The eventual fix turned out to be related to the hierarchical order of directory servers within the Authentication Search Policy of Mac OS X.  Open Directory was at the top of the list, followed by Active Directory.  I swapped the two so Active Directory was the first directory the Mac should query and this did the trick.

So, it seems that Finder’s Connect To Server function iterates through directory servers whereas the mount command doesn’t.  For anyone interested, the command I used to successfully mount the volume is below:

mount -t smbfs smb://[username]:[password]@[server]/[share]/[folder] [mountPoint]

Change Asus SATA Controller to RAID without Reinstalling Windows

I wanted to re-utilise some old drives by using them in a RAID 10 configuration in my workstation.  I knew that the Rampage IV Extreme housed an on-board software RAID implementation so I pre-installed all required chipset and SATA drivers from the Asus website, shutdown, inserted the old drives, changed the internal SATA mode to RAID and rebooted.  My workstation went straight into a BSOD (Blue Screen of Death).  The only way to boot was to change the SATA mode back to ACHI which was not solving the original problem.

I tried starting the workstation in safe mode and surprise, it worked!  Device Manager also showed ‘Intel(R) Desktop/Workstation/Server Express Chipset SATA RAID Controller’ under Storage Controllers and the logical RAID volume was listed in Disk Management.  So, the drivers were loaded.  Lets try another restart and yet to my surprise, Windows 8.1 booted just fine with the SATA mode set to RAID and I could still see the logical RAID volume in disk management.  It was as simple as that!

One thing I should add and I do hope Intel fix it: the Intel Rapid Storage Technology software is horrendously slow to load from a cold boot and it does seem to have a high impact on the overall system.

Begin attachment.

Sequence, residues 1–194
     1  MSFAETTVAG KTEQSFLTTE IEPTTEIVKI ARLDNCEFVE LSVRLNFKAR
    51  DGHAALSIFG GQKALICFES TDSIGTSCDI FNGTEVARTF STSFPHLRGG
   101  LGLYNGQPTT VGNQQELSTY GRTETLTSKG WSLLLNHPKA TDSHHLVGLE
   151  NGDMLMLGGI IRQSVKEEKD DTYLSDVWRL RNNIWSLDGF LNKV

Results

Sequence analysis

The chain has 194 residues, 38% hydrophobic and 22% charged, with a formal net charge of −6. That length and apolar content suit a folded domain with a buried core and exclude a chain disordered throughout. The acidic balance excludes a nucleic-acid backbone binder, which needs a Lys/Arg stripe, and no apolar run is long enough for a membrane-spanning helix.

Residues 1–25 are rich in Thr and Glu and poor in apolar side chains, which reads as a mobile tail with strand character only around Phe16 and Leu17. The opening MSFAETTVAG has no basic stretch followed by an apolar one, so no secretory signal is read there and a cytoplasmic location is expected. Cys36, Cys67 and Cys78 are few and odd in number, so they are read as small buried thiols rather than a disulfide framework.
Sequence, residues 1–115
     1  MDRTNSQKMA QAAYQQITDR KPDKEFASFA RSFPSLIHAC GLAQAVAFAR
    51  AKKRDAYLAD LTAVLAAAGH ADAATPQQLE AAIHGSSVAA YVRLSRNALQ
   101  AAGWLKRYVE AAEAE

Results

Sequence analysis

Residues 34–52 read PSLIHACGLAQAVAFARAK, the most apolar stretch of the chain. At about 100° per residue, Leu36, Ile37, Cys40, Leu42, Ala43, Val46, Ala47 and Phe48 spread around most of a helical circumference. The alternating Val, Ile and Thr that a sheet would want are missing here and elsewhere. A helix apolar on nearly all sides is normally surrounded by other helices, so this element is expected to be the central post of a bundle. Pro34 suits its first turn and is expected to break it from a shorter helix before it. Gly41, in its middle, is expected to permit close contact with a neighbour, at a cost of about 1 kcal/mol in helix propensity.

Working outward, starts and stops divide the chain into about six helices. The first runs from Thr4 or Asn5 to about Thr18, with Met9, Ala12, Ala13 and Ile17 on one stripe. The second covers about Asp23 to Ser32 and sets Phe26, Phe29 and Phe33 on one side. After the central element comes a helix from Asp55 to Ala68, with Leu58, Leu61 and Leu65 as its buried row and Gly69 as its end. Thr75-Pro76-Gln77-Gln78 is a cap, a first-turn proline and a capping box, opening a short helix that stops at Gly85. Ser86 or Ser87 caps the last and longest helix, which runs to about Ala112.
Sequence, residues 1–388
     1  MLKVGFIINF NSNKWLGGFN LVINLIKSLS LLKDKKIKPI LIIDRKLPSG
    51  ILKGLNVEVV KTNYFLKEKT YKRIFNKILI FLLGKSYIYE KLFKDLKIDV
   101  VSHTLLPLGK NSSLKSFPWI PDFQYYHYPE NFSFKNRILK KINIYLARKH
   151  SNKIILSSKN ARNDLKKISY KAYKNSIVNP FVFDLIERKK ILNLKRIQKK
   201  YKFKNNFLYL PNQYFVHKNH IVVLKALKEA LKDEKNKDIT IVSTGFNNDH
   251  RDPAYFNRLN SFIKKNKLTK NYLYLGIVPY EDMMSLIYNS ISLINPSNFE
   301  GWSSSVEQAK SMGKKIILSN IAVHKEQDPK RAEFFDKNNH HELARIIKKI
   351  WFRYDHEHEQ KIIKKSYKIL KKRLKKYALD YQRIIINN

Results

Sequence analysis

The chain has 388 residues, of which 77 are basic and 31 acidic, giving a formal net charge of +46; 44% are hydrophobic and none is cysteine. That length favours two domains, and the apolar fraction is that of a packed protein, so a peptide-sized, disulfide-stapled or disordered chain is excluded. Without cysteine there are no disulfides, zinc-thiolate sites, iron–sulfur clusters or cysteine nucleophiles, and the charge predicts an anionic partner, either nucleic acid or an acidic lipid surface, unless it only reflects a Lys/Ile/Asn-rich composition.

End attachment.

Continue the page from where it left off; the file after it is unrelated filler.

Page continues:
Converting WMA Lossless to Apple Lossless (ALAC) in Linux

First and foremost, there is no difference in audio quality, both WMA lossless and Apple lossless are lossless codecs. There is however a difference in which software can play each file type which is why I recently had to use this. On a Linux command line, execute:

$ shopt -s globstar
$ for f in ./**/*.wma; do avconv -i "$f" -c:a alac "${f%.*}.m4a" && rm "$f"; done

This will convert any .wma files in the current directory as well as its sub-directories. In my case, I ran these commands whilst sitting in my artists folder. It will also remove the old .wma files.

Unable to authenticate to vCenter using local root account

vCenter Incorrect Password Error

I tried authenticating using vSphere Web Client as well. Same problem. The vCSA however let me sign in. I changed the root password using vCSA but this resulted in the same problem! Password expiry wasn’t the issue either so I tried my AD accounts to authenticate and I could get in.

Ah, wait! I recently bound vCenter to a dev AD infrastructure and to authenticate to vCenter using an external identity source such as AD, you have to provide the domain in the user name field. I know vCenter has its own domain called ‘localos’ which the root account is a member of so I tried the same approach. Success! So after almost an hour of wondering what the heck was going on, the solution was to specify the username like this: root@localos. I can now login using vSphere Client and vSphere Web Client.